[unisog] Heavy NetBIOS, Windows TSE, pcANYWHERE

Bukys, Liudvikas bukys at rochester.edu
Tue Jun 18 02:03:59 GMT 2002

Our recent experience:


We have been experiencing waves of port 3389 WTS attacks for a while.
It gives the attacker an IDS-invisible channel to your domain.
* One notable piece of useful information I picked up from incidents
and unisog was http://www.hammerofgod.com/download.htm regarding
the TSGrinder tool, and one useful-for-know mitigation: set the
login banner, it interferes with the current generation of automated
WTS attack tooks.


On Friday June 14, after a few weeks of respite, we experienced some
very high-volume NT domain brute-force attempts.  The touch was light
enough to avoid locking accounts, though.  Our particular attacker
was coming from a computer compromised with the Fluxay Sensor Console
installed.  We find a very large proportion of our attackers appear
from the Genuity network 4.*.*.*, a hotbed of vulnerable small businesses
blithely running SQL Servers, Windows TSE, unpatched IIS, etc.
Have others noticed the same?  Note: in many cases, I have leads from
these machine back to a modest number of machines Hubei province in China.
Anyone else share that?

* I am particularly interested in the remark regarding perceived concentration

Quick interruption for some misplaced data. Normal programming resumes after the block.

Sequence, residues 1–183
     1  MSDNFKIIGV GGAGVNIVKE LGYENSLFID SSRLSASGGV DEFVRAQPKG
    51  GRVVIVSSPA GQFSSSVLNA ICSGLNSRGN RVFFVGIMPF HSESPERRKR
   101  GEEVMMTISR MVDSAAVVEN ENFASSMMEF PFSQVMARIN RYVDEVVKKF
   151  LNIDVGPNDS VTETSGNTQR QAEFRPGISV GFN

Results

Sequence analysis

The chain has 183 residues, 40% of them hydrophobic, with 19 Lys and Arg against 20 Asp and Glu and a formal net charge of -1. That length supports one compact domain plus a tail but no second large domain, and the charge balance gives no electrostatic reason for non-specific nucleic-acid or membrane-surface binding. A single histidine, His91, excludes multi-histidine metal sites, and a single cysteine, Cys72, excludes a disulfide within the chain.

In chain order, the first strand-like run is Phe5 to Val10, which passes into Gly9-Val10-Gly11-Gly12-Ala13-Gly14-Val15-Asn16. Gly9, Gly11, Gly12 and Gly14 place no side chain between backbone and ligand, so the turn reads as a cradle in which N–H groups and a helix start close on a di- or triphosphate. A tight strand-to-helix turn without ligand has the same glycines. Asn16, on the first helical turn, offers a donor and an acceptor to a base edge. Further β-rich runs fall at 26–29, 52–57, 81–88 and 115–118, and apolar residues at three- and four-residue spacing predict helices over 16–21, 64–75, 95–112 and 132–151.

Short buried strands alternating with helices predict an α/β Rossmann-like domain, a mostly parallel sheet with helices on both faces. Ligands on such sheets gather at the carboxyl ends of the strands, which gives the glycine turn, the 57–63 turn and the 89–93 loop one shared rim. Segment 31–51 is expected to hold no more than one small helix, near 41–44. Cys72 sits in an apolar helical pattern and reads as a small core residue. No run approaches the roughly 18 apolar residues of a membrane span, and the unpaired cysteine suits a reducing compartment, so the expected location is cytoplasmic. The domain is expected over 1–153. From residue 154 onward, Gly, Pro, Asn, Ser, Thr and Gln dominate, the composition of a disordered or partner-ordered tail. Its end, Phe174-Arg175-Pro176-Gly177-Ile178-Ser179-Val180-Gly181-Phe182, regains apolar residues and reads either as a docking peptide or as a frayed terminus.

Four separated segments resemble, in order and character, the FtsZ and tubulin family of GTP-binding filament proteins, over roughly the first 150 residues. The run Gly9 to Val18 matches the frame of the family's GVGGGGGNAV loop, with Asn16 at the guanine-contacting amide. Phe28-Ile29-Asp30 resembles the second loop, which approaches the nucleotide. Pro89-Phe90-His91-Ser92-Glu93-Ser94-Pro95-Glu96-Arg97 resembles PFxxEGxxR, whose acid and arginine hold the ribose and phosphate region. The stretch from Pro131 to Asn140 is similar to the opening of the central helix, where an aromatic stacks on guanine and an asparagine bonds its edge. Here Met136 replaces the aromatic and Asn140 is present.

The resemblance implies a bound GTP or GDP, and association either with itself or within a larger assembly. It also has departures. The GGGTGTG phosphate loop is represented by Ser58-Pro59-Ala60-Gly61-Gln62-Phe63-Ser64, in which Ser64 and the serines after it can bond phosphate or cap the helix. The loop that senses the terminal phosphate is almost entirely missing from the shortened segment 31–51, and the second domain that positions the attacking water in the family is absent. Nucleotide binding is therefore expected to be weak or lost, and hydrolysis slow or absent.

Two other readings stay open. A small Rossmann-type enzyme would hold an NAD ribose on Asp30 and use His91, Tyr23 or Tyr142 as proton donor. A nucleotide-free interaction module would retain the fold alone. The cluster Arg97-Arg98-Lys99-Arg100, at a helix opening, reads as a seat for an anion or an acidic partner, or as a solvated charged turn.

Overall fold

on Medical Centers, as our Medical Center domain controllers were poked
heavily.  I'd be grateful for more information there.


Yesterday we had a heavy wave of port 5631 pcANYWHERE brute forcing.
Attackers installed RemoteNC on some machines, defacing or destroying
many of them; in addition, ISS and a forged license key was installed
on one.  Renaming "Administrator" for pcANYWHERE, running on alternate
ports, and encouraging password complexity are good minimal ideas.

I've been wondering about whether our 3389/5631 attacks involve some
shortcut access to passwords or other vulnerabilities, but I don't have
any evidence for anything other than pure brute force.

Liudvikas Bukys
University of Rochester
bukys at rochester.edu

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